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Missing motherhood

A new adaptation of ‘Yerma’ hits the Huntington stage

Celina Colby
Celina Colby
Celina Colby is an arts and travel reporter with a fondness for Russian novels.... VIEW BIO
Missing motherhood
Nadine Malouf as Yerma. PHOTO: NILE HAWVER

Spanish dramatist Federico García Lorca wrote “Yerma” in 1934 about a woman desperate to start a family. Through June 30, the Huntington Theatre Company debuts an updated version of the play, translated and adapted for the contemporary audience by Huntington Playwright-in-Residence Melinda Lopez.

“Yerma” follows the eponymous title character in her quest to conceive a child despite biological challenges. “I have loved the plays of Lorca for many years,” says Lopez. “And this play in particular is underrepresented in the U.S.” To make the show more relatable to American audiences, Lopez has updated the text to incorporate contemporary conception aids and colloquial language used in the modern world, without diminishing the poetry of Lorca’s original text.

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The production also utilizes music to root the show in Spanish culture and to articulate moods and themes that can’t be expressed in words. The sound weaves in and out of the story organically, as though part of the set. According to Lopez, the rehearsal process was very collaborative, with text, music and physicality all designed together to creative a cohesive expression.

Nadine Malouf, who plays Yerma, says the domestic play, which may seem antiquated, is still very relevant to modern life. “I think we’re still questioning women’s roles in society and what they can do,” says Malouf. “We’re having debates about women’s bodies and what they can and can’t do, and how much a woman is worth or how much the work she does is worth.” Yerma isn’t just seeking a child and a family, but a purpose. It is as much a search for identity as it is for a domestic life.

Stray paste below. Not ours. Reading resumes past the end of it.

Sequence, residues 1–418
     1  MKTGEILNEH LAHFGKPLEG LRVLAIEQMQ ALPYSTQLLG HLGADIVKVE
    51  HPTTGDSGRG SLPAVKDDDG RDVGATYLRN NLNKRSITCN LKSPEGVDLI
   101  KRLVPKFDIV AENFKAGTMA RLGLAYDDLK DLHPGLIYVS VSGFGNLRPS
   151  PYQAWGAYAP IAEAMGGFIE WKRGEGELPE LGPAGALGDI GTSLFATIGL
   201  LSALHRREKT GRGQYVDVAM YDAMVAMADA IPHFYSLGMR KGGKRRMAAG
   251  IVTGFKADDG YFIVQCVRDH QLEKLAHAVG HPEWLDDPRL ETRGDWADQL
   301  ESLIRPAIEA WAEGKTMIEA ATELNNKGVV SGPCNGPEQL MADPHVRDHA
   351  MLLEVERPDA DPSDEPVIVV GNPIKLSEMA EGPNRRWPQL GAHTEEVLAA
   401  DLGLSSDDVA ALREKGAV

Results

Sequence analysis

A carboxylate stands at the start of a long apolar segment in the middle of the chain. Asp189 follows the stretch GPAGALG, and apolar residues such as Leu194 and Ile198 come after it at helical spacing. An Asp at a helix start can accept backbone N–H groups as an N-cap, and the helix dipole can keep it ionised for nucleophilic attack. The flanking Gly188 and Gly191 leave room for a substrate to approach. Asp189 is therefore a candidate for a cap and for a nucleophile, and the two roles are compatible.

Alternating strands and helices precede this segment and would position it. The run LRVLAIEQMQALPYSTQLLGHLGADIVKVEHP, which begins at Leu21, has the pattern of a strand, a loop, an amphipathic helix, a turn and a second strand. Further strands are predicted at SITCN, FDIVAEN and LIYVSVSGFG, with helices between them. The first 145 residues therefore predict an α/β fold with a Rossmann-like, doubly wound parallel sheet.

The cast and crew are predominantly people of color. Female creative leads guide the narrative, with Lopez as the adapter and translator, Mella Bensussen directing and Malouf in the role of Yerma. Lopez says the play has a particular relevancy to communities of color.  “Especially in our communities, questions of legacy, questions of choice, that’s very strong,” she says.

Lopez, who has proven her talents time and again on the Huntington stage, brings the perspective of a woman and a mother to a play that had almost exclusively been translated by men prior to this production. “When you look at a lot of the translations of contemporary classics, most of them are by men. And very few are by people of color,” says Lopez. “My attention has been very specific to uplifting the women’s experiences in the play.”

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